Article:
Let it be known that he was no natural. The first time he ever stepped into the ring to fight an older fighter, he flailed about and lasted less than minute, getting pulled out with a bloody nose. Joe Martin recalled, he “didn’t know a left hook from a kick in the ass.”

Muhammad Ali takes a hit from Joe Frazier.
Photo by David Hume Kennerly/Bettmann/Corbis/Getty Images

Six weeks later, the boy won his first bout against another novice, Ronny O’Keefe, which aired on Martin’s TV show Tomorrow’s Champions. Cassius Clay Senior proclaimed: “My son is going to be another Joe Louis. The World Heavyweight Champion, Cassius Clay!”

Getting the Gold in Rome and Claiming He Tossed It in a River

Ali almost didn’t make it to the 1960 Olympics in Rome, Italy because he was petrified of flying. Believe it or not, the Greatest was scared of air travel. In fact, he bought a parachute from an army store to wear on the plane. After the first three easy bouts, he found the former bronze medalist Zbigniew Pietrzykowski harder to beat in the final.

Ali receives gold at the 1960 Olympics.
Photo by Central Press/Getty Images

But, of course, he won the Gold in the end. He claimed in his autobiography that he threw his gold medal into the Ohio River, saying: “I had fought a man almost to death because he had wanted to take it from me … now I had thrown it in the river. And I felt no pain and regret. Only relief, and a new strength.” The truth? He lost the medal.

Ali Meets Gorgeous George and Gets Inspired

In 1961, after going professional, he won six fights in six months. Then, he met wrestler “Gorgeous” George Wagner, who knew how to get people to come watch him. Ali later told his biographer, Thomas Hauser, that George was shouting, “If this bum beats me, I’ll crawl across the ring and cut off my hair, but it’s not gonna happen because I’m the greatest fighter in the world.”

Muhammad Ali and George Wagner.
Source: YouTube

But Ali said to himself, “Man. I want to see this fight.” He noticed how the whole place was sold out when George wrestled. “That’s when I decided if I talked more, there was no telling how much people would pay to see me.”

Ali Taunted Sonny Liston in Las Vegas

Ali was fast and furious in the ring and learned to be quick-tongued. Right before the second Sonny Liston vs. Floyd Patterson fight in 1963, Ali followed Liston to Vegas to watch him lose at craps. He shouted at Liston: “Look at that big ugly bear, he can’t do anything right.”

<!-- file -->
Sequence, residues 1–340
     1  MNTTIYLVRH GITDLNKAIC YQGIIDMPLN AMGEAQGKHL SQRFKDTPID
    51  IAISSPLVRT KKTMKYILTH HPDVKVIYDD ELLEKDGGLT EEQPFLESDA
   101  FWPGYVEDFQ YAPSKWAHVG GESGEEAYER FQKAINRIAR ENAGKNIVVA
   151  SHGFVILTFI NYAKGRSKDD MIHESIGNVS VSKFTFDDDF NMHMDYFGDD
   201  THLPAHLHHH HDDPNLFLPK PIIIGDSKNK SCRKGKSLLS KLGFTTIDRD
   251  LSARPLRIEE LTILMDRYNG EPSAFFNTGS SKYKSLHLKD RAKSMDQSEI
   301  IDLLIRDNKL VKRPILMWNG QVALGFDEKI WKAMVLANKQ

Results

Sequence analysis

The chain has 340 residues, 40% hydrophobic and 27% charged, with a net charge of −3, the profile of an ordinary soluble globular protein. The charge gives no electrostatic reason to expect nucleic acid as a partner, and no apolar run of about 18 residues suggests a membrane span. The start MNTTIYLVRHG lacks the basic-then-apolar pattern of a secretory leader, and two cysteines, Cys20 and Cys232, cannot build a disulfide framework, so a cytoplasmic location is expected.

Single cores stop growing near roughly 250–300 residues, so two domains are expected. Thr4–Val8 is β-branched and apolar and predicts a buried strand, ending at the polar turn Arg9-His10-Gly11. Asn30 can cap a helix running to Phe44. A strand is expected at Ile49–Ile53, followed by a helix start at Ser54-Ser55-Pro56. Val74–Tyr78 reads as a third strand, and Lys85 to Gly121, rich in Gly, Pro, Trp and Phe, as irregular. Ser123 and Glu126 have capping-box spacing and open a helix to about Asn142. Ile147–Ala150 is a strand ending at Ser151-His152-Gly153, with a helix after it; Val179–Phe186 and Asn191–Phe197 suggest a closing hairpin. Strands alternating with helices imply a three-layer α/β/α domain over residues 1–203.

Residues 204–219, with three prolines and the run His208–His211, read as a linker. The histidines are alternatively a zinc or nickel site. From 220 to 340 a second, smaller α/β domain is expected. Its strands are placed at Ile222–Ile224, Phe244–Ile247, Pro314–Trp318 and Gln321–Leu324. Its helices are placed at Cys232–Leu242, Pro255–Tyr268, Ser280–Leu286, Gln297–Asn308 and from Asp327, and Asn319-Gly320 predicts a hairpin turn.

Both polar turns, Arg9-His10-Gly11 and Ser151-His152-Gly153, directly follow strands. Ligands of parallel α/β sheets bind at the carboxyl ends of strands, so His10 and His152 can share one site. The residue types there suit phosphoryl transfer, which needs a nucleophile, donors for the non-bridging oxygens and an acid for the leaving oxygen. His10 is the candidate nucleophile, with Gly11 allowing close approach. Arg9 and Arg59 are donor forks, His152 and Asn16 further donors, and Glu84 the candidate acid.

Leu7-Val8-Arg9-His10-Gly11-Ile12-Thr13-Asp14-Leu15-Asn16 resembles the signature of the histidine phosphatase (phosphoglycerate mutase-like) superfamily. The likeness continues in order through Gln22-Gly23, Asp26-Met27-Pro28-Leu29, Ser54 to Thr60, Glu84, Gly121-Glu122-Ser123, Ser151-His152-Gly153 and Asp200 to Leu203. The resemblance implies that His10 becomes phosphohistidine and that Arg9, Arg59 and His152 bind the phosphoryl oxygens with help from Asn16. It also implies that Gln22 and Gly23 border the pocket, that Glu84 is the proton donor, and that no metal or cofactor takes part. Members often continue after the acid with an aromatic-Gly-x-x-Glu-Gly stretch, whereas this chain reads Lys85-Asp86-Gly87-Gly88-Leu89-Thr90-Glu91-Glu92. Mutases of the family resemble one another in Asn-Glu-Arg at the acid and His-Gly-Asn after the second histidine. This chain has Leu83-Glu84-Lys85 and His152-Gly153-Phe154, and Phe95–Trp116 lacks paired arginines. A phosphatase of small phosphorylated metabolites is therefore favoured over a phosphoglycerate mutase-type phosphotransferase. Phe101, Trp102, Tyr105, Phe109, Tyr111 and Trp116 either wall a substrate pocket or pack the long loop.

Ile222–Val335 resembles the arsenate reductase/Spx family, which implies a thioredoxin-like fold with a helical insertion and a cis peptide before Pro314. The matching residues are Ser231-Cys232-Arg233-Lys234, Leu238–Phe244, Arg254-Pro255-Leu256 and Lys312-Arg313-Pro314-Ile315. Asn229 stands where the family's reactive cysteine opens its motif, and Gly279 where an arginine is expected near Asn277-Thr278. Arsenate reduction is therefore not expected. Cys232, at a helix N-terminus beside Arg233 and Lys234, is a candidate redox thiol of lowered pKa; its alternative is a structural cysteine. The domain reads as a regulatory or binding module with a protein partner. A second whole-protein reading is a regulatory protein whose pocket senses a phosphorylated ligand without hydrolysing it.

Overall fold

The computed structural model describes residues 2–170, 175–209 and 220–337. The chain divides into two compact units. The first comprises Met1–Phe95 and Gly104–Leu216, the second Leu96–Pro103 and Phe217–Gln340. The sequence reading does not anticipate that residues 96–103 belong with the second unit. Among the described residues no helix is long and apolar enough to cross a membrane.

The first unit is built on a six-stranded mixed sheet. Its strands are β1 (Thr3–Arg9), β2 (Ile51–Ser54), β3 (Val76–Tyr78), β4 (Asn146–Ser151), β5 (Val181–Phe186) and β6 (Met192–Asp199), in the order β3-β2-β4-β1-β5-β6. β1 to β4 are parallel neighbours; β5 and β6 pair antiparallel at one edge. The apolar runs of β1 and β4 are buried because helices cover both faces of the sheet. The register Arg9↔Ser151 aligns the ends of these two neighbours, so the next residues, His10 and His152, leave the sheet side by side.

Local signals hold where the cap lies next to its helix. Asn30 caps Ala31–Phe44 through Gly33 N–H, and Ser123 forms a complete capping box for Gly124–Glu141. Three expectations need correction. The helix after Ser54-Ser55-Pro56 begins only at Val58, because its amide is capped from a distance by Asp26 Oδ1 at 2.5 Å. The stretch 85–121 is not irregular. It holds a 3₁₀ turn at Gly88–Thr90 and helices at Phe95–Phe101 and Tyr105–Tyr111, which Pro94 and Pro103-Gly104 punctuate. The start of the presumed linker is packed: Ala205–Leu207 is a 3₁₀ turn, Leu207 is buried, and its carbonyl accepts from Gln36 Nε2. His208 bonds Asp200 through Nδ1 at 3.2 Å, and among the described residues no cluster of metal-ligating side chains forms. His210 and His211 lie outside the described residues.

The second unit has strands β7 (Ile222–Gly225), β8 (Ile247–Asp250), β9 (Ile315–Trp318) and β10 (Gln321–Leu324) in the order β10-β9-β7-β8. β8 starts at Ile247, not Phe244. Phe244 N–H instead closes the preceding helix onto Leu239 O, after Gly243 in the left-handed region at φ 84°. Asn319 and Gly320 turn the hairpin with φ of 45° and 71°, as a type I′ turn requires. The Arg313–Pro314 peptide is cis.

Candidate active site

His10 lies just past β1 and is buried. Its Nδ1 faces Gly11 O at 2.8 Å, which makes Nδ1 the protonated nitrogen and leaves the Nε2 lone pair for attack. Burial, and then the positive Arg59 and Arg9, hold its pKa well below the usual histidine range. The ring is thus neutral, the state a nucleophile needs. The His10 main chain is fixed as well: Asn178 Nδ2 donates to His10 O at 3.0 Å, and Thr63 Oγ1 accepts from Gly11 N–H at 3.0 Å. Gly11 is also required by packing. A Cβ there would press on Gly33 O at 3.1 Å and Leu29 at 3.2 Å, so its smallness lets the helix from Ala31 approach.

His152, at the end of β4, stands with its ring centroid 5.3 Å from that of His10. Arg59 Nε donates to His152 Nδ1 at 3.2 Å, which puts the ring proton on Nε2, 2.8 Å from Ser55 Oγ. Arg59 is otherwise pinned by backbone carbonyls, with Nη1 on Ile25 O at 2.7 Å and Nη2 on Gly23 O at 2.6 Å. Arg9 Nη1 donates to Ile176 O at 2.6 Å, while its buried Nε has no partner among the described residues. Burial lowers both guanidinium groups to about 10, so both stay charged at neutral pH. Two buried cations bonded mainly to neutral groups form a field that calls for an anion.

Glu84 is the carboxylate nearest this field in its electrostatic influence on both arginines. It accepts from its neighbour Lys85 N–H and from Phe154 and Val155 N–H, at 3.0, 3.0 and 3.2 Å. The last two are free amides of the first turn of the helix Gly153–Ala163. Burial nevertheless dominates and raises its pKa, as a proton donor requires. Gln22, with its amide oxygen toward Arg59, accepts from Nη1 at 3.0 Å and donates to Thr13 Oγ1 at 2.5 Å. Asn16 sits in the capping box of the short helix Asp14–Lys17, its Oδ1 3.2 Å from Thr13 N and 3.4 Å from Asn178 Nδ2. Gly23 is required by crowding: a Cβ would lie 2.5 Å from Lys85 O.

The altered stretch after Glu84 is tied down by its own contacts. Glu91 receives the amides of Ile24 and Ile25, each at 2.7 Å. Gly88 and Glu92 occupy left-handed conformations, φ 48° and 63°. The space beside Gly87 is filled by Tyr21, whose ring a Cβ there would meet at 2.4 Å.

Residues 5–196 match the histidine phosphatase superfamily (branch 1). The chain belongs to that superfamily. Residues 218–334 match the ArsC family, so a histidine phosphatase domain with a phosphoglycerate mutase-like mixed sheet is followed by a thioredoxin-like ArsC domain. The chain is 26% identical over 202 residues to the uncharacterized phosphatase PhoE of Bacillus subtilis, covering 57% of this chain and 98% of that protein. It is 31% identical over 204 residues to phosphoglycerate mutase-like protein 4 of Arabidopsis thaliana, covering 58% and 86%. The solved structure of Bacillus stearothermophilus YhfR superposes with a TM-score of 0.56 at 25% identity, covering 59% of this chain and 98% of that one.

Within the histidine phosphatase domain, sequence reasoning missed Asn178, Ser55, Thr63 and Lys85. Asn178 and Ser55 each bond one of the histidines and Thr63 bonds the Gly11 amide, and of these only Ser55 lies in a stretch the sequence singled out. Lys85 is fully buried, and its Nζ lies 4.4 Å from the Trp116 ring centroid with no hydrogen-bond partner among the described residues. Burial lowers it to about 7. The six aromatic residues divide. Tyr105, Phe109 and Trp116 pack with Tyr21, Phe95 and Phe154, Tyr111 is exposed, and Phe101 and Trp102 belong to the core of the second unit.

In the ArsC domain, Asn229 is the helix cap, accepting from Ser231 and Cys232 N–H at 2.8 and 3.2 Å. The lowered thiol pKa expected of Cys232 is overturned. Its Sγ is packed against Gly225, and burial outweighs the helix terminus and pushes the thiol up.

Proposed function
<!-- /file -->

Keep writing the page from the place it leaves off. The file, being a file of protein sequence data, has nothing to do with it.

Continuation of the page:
Cassius Clay at the home of Sonny Liston taunting and yelling at him.
Photo by Bettmann Archive/Getty Images.

Promoter Harold Conrad recalled how Liston then threw the dice down, walked over to Ali, and said, “Listen here you n***** f*****. If you don’t get out of here in 10 seconds, I’m gonna pull that big tongue out of your mouth and stick it up your ass.” Ali left, only to show up later in front of Liston’s house in Denver to yell at him from his driveway.

And Showed Him Who’s the Greatest

It didn’t take long for their fight to get arranged. And Liston was a boxing demon; in 36 fights he lost only once. At the weigh-in, Ali’s pulse was double his normal rate, leading people to think he was terrified. But Ali told his doctor, Ferdie Pacheco, that he had a plan: “Liston is scared of no man, but he is scared of a nut because he doesn’t know what I am going to do.”

Liston and Ali face off in the ring.
Photo by Tony Triolo/Sports Illustrated/Getty Images

Liston sure found out that Ali was simply slicker and sharper than him. Liston quit at the end of the sixth round. Then came the infamous quote: “I shook up the world … I am the greatest! … I am the prettiest thing that ever lived!” He was just 22.

Ali Gets Nasty With His Words and Fists

In 1965, Ali and Liston fought in a rematch, and Ali knocked him out in the first round. Word on the street was that Liston, a mob fighter, took a dive. Floyd Patterson had told Sports Illustrated, “The image of a Black Muslim as the world heavyweight champion disgraces the sport and nation.”

Floyd Patterson and Muhammad Ali each land a blow on the other.
Photo by Bettmann/Getty Images

Ali’s response was: “Patterson was nothing but an Uncle Tom Negro.” He then beat the guy in the ring. In 1967, Ali fought Ernie Terrell – who still called him Cassius Clay. Ali’s responsewas to demand “What’s my name?” when he hit him in the ring.

Introducing the Ali Shuffle

In 1966, when he came back to America, Ali gave one of the greatest visual performances of his career. He beat Cleveland “Big Cat” Williams in three rounds. (Williams had already lost a kidney and underwent four operations after being shot in 1964.)